By J.L Pendall
Buddhism isn’t really concerned with authenticity—being genuine is a modernist school of thought.
In modern times, the timeless quest for truth and freedom are informed just as much by science as they are firsthand experiences. 5,000 years ago, people might have experienced awe and sublimity when looking at the stars, but they didn’t know what they were seeing or the vast depths those twinkling lights were passing through to reach their eyes.
We now know, or at least we’ve got a better idea. I remember being mind-blown as I stared at Deneb, knowing that it was 3,000 light years away. The light I was seeing was belched out of that giant ball of gas before Jesus was even born. There I was looking at it, a fleeting ball of gas myself—more gas and less ball as I get older.
Science has the amazing ability to rip all the romantic overtones from life, leaving us with nothing but nothingness.
We all react to that differently. Some people just let it go over their heads; others go seeking the opposite, an egocentric cosmos where the Earth is flat and vaccines are part of some nefarious grand design.
Others, like yours truly, sink into despair. We fixate on the nothingness until we can understand it. The quest to understand is a quest for control. We might be little specks living little speck lives, but if we can understand that, then we’ve transcended it. We’ve one-upped the indifferent universe. “Ha! Fucker!”
The truth is that whether we “get it” or not doesn’t change anything. It doesn’t really give us any control over things, and it certainly doesn’t make us or anything we do anymore meaningful and immortal. It’s another coping mechanism, another bedtime story designed to help us sleep at night.
We can’t get it. We’re human—the universe isn’t. Isn’t that a little settling? The cosmos, or nature, isn’t human. How can we ever truly understand something inhuman when we’re forever limited by human senses and reasoning?
Life according to my cat is probably a lot different than life according to me. We sense and reasoning through things differently. It doesn’t mean one of us is right and the other wrong—it just means we’re different. You and I are different for the same reason. If we sensed and understood things in the same way, then we’d be the same person, occupying the same space.
So, we’re not just experiencing an inhuman nature from a human one, but from our own version of humanness, and even that changes over time as our senses and memories change.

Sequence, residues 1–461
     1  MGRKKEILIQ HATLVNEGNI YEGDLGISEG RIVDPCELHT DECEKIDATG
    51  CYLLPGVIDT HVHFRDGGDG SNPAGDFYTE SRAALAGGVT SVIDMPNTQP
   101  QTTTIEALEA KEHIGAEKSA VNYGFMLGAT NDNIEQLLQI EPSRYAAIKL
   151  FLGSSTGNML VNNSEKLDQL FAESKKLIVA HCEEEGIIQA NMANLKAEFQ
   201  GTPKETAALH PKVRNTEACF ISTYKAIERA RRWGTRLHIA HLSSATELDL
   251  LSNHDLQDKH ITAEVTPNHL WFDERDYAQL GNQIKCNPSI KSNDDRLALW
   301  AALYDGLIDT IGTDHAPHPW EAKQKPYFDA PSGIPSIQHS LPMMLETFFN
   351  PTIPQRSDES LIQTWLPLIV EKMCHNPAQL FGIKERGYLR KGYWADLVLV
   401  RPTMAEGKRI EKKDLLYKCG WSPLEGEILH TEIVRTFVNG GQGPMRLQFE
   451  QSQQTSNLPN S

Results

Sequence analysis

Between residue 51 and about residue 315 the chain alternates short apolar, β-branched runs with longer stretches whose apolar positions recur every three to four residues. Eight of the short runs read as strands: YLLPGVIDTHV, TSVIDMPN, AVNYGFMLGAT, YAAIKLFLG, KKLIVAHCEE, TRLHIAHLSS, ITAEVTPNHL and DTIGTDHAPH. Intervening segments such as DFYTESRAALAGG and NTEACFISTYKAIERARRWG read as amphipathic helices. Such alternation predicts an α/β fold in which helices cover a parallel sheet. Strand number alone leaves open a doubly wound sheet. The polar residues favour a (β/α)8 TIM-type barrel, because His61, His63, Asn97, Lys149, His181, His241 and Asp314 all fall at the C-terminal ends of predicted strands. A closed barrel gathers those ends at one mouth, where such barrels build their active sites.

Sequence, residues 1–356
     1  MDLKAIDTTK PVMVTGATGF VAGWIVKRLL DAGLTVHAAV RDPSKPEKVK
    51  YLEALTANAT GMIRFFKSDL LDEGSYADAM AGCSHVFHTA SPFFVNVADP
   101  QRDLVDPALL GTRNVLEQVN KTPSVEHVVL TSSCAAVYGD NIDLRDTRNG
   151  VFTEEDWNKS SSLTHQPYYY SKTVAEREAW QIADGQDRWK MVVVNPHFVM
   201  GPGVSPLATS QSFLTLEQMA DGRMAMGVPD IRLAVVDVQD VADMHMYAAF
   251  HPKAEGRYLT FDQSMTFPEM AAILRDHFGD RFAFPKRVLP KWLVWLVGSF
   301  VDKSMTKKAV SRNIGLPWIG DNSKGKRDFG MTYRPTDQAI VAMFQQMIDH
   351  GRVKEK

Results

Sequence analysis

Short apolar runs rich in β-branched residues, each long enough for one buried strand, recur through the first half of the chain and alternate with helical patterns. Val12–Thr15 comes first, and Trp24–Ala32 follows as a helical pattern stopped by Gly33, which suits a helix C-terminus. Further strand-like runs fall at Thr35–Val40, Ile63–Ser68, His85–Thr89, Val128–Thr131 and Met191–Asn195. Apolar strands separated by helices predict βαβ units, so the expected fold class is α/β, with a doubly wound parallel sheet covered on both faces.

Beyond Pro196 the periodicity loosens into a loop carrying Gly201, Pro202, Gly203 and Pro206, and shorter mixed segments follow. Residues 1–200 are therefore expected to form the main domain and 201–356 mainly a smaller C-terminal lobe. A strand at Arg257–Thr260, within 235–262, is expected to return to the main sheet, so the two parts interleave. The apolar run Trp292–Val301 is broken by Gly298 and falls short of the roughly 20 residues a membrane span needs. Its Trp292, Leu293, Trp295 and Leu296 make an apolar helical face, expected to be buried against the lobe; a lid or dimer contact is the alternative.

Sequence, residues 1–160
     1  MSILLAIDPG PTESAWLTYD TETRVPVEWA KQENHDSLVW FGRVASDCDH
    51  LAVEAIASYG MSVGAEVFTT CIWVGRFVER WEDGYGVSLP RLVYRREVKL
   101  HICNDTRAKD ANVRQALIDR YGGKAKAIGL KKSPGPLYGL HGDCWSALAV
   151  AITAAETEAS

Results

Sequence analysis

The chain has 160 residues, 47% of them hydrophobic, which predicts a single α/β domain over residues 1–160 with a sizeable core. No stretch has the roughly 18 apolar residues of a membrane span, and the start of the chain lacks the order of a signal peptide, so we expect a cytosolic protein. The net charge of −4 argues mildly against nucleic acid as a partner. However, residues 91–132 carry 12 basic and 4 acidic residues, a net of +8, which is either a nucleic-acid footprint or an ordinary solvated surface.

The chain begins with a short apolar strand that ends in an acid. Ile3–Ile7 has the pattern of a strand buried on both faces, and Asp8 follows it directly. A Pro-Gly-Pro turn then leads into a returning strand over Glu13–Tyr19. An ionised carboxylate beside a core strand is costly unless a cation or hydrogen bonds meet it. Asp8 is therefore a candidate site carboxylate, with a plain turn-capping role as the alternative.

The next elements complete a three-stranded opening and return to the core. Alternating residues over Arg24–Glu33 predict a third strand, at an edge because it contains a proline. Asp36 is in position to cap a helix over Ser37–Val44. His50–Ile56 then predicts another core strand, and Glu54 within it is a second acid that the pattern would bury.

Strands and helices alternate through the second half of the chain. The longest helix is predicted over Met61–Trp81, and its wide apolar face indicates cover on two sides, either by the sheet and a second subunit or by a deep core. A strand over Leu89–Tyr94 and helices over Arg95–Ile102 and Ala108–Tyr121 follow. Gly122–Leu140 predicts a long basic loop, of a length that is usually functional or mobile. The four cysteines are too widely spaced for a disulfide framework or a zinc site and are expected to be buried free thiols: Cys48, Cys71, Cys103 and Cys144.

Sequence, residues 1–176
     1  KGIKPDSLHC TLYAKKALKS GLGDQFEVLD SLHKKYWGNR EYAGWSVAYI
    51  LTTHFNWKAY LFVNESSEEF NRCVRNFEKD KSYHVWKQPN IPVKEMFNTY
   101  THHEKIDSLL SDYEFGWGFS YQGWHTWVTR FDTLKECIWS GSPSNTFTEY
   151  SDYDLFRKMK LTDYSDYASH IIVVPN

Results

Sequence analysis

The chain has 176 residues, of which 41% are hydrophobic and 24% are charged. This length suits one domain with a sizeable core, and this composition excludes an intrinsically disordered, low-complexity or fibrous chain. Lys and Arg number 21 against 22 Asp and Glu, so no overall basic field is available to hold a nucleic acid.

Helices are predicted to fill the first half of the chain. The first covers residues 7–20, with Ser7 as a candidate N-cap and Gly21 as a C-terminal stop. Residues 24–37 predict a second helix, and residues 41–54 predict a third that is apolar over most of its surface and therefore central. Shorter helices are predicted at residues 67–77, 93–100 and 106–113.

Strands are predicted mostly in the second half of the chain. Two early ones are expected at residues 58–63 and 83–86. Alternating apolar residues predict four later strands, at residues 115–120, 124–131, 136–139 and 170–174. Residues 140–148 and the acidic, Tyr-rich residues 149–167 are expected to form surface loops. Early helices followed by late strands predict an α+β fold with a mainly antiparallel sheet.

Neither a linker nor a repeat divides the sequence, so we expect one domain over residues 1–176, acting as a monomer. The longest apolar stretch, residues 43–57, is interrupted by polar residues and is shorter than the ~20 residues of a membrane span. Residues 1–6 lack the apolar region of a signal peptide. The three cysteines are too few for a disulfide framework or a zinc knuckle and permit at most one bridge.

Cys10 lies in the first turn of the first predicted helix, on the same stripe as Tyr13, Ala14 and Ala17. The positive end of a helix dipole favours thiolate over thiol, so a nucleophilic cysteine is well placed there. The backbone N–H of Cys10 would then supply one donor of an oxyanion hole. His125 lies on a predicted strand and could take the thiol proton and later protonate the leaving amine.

Mahayana gives us an image of oneness, and a shared nature that’s fundamentally the same in all of us.
But that oneness is just the cosmic washing machine, moving particles through their cycles. Our shared nature is one of confusion, suffering, learning, and letting go.
That’s where authenticity comes in.
We recognize our pain and confusion, face the indifference that nature meets us with, and then let go of all the illusions that keep us distracted and dissociated from ourselves.
We might not be able to understand nature, but we can understand human-nature, and our own nature. Who are you beneath all the labels, oppression and repression? What do you want? Why are you here?
Unlike religion, where some old book or dude in robes gives you the answers, modern philosophy asks us to figure it out for ourselves. Philosophers teach you how to walk, but no where to go. It’s bad form to tell someone what their destination is.
Odds are, there are a lot of layers covering up your genuine self. It takes time, and the right situations, to peel them off. You might love some of the layers, and you might despise or be scared shitless of others. Either way, we keep going deeper, until we can just sit and have a cup of tea in peace.
You might find that there are things about yourself that you can and should change. You’ll also find that there are things you can’t change; they’re just part of your makeup, bequeathed by nature. You might not like some of those parts either, but that’s just tough. They’ll keep you caged until you accept them.
I, for instance, am a power-hungry, thrill seeking, control freak with delusions of grandeur and little consideration of others. I got that from my dad. I’m also warm, easily satisfied, and loathe tyranny and abuse—I got that from my mom.
Who are we, when we let go of all the masks, but a reflection of our parents? Even if you never met them, you could get to know them that way.
It’s a waste of time trying to deny and fight against our heritage. We were born to be ourselves, born to take these selves out into the world to create and/or care for other selves. It’s dumb, but it’s beautiful too—just like the stars.
Keep in mind, there might not be any peace for you down this path, but there is truth. Sometimes, ya can’t have both.
Photo: Dana Gornall